Women can be parish in-charge: Cardinal Gracias

October 24, 2019 Matters India


Cardinal Oswald

By Christopher White

Rome, October 24, 2019: Catholic bishops are not fully utilizing Church law to maximize the role of women in decision making capacities, Cardinal Oswald Gracias said on October 23.

While acknowledging that women are unable to hear confession, say Mass, or administer confirmation, “she can do practically everything else,” said Gracias. “Women can even be in charge of a parish according to Church law.”

The cardinal’s remarks came during a press briefing as the Synod of Bishops on the Amazon nears its final conclusion this week, where the role of women in the Church has been a repeated theme as the Church considers how to better respond to the pastoral needs of the Amazon region.

“We must use all of this,” Cardinal Gracias added, noting that Pope Francis “very [much] wants decentralization,” and for bishops to enact changes where they can already do so without the permission of the Holy See.

In addition to being the archbishop of Mumbai, Cardinal Gracias serves on Pope Francis’s Council of Cardinal Advisers.

The role of women in the Church dominated much of the press conference with several of the other representatives from the Amazon speaking for the need for concrete and tangible action, while steering clear of addressing the question of women’s ordination to the diaconate, which is anticipated to be addressed in some form in the Synod’s final document.

Bishop Ricardo Ernesto Centellas Guzmán of Potosí, Bolivia, who heads the country’s bishops’ conference, also called for a change in “mindset” when it comes to women in the Church.

“We all have to change our mentality to make sure participation of women becomes authentic and that is equitable and fair,” he said.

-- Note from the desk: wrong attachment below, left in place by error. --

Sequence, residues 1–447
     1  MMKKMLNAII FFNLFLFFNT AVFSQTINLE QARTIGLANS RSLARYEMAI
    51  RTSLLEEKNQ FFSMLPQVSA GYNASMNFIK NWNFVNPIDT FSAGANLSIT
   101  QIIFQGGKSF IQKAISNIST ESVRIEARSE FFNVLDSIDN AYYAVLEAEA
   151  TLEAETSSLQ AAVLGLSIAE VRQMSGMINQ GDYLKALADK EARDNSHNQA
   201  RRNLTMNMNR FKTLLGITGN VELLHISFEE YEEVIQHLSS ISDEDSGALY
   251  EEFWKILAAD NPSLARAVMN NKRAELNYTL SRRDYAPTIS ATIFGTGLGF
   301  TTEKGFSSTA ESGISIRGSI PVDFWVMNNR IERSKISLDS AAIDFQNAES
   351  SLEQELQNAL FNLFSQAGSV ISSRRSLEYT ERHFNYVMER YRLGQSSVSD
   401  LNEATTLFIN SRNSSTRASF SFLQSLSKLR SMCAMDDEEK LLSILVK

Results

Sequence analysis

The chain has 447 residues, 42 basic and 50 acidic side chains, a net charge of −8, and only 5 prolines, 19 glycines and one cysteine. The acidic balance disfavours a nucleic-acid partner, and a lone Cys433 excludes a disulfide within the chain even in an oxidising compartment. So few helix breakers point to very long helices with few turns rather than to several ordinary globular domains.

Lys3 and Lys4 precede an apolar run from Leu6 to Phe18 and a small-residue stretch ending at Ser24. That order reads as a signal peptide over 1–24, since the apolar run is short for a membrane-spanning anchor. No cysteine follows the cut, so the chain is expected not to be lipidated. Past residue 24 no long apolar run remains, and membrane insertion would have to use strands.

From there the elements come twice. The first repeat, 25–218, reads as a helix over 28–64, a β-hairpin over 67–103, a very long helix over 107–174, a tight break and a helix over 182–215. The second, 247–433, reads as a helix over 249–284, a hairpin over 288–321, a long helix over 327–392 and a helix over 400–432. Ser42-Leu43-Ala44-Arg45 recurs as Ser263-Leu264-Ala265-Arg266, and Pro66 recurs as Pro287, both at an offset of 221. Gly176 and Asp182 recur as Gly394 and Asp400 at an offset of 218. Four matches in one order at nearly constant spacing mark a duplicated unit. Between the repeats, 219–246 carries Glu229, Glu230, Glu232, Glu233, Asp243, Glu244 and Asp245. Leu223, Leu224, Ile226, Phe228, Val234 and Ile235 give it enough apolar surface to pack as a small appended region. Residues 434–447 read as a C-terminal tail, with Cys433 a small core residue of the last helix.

At present, he said the role of women who are involved in decision-making power is “very low,” adding that in some places it is “almost invisible.”

“Things must change by starting with the smaller things,” he said, noting that work in the parish level and local communities is the place to start. He specifically called out pastoral councils that only give women consultation status, without any real decision making abilities.

A walking Church, he said, included “walking together and deciding together,” adding “otherwise we will be limping together, not walking.”

Sister Roselei Bertoldo, a nun from Brazil who works in human trafficking, echoed his words, telling reporters that the structure of the Church is often focused on men when it comes to questions of authority.

“We want to become the protagonist in this process,” she said. “We will not keep silent. We want space, and we will start building a space.”

Also a part of the discussion on October 23 was the theme of inculturation and how to best adapt the practices of the faith to the Amazon region in a specific way that is mindful of local customs and traditions.

Inculturation, said Cardinal Gracias, “flows from the Incarnation. Our Lord became incarnated.”